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Perseverance FTW: 5.15 and V15 Take-Downs in France and Red Rock (Videos)

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It’s great when hard climbing feels easy—it usually means our training has paid off or it’s a rare low-gravity day. But the victories that come easily just don’t have as much staying power as the hard-fought battles, the projects that start out as question marks or “maybe-nevers” and then somehow come together that one, magical time, even if we just eke them out.

Two recent videos capture that try-hard-and-keep-trying-hard-no-matter-what spirit. In the first, the top French redpoint climber Seb Bouin puts together the wild, 50-meter-long Beyond Integral (9b/+; 5.15b/c) on the jutting limestone prow of Pic Saint Loup, France. The climb links a bouldery 5.15a (check out the desperate finger-stabs into micro-slots down low) into a V12 boulder problem on slimper gastons; Bouin had been trying the climb on and off since spring 2019, and was not originally sure he could even do the upper boulder. In 2020, climbing close to home due to the pandemic (like all of us), Bouin redoubled his efforts and was able to unlock the sticky sequence. As he wrote in a statement, “After two weeks on Beyond Integral some of the beta clicked and I was finally able to link sections on the second part of the route. I needed just one more week of tries to send….”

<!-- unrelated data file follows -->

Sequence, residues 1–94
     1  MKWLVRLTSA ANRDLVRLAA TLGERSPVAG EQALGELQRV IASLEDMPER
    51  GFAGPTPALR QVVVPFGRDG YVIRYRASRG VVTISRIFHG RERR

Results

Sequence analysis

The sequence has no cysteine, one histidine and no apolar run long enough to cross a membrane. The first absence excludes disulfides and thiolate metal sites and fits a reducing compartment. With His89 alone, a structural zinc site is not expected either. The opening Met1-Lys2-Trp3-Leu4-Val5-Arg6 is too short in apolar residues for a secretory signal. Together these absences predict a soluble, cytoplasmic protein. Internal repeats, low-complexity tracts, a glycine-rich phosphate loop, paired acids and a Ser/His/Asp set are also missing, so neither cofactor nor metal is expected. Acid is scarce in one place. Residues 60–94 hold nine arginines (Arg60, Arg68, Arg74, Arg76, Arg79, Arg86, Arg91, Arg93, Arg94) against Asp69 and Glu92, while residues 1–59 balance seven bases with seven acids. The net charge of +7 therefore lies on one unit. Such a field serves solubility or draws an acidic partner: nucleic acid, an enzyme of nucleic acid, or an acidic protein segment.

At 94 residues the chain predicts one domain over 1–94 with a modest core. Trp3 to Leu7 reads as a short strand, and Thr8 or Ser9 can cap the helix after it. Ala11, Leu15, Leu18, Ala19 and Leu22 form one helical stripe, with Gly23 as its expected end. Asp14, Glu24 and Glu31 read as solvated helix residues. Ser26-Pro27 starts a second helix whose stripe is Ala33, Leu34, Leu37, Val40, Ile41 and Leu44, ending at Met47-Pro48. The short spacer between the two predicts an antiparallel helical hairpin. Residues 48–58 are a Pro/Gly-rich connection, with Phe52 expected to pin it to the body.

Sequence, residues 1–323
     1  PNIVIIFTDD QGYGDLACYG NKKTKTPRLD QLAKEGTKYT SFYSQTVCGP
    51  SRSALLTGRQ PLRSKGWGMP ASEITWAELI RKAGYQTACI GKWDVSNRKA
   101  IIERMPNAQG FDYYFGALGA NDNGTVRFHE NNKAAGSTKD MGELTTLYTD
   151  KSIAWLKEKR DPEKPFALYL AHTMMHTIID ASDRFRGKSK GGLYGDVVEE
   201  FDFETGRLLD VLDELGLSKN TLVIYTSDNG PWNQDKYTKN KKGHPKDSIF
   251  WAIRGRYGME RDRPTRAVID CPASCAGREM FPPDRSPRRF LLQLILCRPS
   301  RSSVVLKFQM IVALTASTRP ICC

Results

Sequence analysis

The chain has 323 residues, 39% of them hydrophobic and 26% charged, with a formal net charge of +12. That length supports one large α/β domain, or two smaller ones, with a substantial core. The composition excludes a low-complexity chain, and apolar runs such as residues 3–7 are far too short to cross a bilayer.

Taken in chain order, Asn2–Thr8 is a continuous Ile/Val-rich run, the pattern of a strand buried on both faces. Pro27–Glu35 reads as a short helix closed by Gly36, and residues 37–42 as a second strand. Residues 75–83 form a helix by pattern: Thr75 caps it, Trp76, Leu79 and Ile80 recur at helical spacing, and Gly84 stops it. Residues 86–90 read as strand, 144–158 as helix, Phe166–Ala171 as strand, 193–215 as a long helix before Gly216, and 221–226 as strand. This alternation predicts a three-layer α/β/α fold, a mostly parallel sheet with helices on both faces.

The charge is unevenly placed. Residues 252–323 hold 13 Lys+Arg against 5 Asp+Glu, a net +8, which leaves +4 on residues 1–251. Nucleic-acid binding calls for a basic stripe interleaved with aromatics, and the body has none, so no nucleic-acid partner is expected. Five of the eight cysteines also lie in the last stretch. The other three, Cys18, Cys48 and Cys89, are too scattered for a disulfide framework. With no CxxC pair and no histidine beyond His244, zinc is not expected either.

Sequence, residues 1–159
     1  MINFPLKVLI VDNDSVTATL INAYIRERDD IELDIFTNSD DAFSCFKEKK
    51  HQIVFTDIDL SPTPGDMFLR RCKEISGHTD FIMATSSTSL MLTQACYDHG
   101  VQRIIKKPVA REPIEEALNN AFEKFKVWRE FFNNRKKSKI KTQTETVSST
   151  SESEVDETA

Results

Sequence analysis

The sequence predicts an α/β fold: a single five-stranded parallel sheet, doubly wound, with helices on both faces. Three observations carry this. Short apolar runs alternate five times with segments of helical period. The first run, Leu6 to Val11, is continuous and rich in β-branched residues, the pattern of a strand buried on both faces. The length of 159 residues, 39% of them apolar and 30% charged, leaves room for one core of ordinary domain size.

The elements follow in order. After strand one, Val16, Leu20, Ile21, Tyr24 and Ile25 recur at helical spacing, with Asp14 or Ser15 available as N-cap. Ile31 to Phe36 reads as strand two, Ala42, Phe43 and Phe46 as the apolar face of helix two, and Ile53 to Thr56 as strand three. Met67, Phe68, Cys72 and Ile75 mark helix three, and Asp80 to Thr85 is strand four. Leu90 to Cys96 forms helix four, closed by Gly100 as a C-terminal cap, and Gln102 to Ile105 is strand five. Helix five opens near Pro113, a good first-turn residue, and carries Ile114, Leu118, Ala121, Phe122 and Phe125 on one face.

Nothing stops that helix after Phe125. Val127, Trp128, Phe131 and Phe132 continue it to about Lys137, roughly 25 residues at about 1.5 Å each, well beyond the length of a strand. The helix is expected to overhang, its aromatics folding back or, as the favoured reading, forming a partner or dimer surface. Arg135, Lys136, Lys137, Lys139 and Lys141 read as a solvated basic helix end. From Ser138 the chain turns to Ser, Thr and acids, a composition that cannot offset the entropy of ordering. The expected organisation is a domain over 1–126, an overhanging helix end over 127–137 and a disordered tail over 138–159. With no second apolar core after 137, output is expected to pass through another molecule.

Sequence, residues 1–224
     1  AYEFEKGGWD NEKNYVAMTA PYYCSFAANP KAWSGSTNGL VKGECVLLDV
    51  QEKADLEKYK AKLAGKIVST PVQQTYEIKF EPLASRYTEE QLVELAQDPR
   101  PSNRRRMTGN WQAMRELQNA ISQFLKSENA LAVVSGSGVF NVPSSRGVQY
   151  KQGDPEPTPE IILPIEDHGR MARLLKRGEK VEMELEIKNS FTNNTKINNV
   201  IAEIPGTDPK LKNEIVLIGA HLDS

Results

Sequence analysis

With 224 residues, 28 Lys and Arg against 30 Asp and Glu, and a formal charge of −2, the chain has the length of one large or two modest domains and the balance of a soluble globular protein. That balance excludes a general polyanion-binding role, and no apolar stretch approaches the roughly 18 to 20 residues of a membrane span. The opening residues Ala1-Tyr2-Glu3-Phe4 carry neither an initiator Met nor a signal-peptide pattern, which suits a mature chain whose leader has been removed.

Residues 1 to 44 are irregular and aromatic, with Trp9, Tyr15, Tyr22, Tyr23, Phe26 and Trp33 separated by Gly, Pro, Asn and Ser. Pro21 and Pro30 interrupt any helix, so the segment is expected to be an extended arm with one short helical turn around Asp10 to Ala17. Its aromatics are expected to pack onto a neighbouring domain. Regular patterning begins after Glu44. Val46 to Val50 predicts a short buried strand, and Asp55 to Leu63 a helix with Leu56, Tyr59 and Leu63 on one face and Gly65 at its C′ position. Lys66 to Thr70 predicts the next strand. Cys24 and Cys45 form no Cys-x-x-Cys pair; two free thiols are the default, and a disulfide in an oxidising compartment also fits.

In the second video, Jon Glassberg, the pro climber, photographer, and videographer behind Louder Than 11 productions, pits himself against The Nest (V15) in First Canyon, Red Rock, Nevada. First climbed by Daniel Woods in 2013, The Nest earns its V15 grade by linking a V11 sit-start into The Nest Stand, a V13. Glassberg had long wanted to climb V15, a mythical grade cemented by Fred Nicole’s first ascent of Dreamtime (8c/V15) in Cresciano, Switzlerand, in 2000. Glassberg’s efforts on the Fontainebleau V15 Big Island, however, over four different trips left him with two herniated disks in his lower back, his goal ever receding. Then, as he wrote in an Instagram post, “I invested 3 months of power endurance training and headed to Red Rock to begin the process no matter how long it took. After 9 sessions of incremental progress it was DONE and I was on top, in shock. I came prepared and executed without an epic and damn it felt good.” Watch the cool, retro-80s-vibe video below for just how much effort Glassberg put into topping The Nest out this spring—it’s inspiration to us all to give our very best effort and to keep trying, no matter how long a climb takes.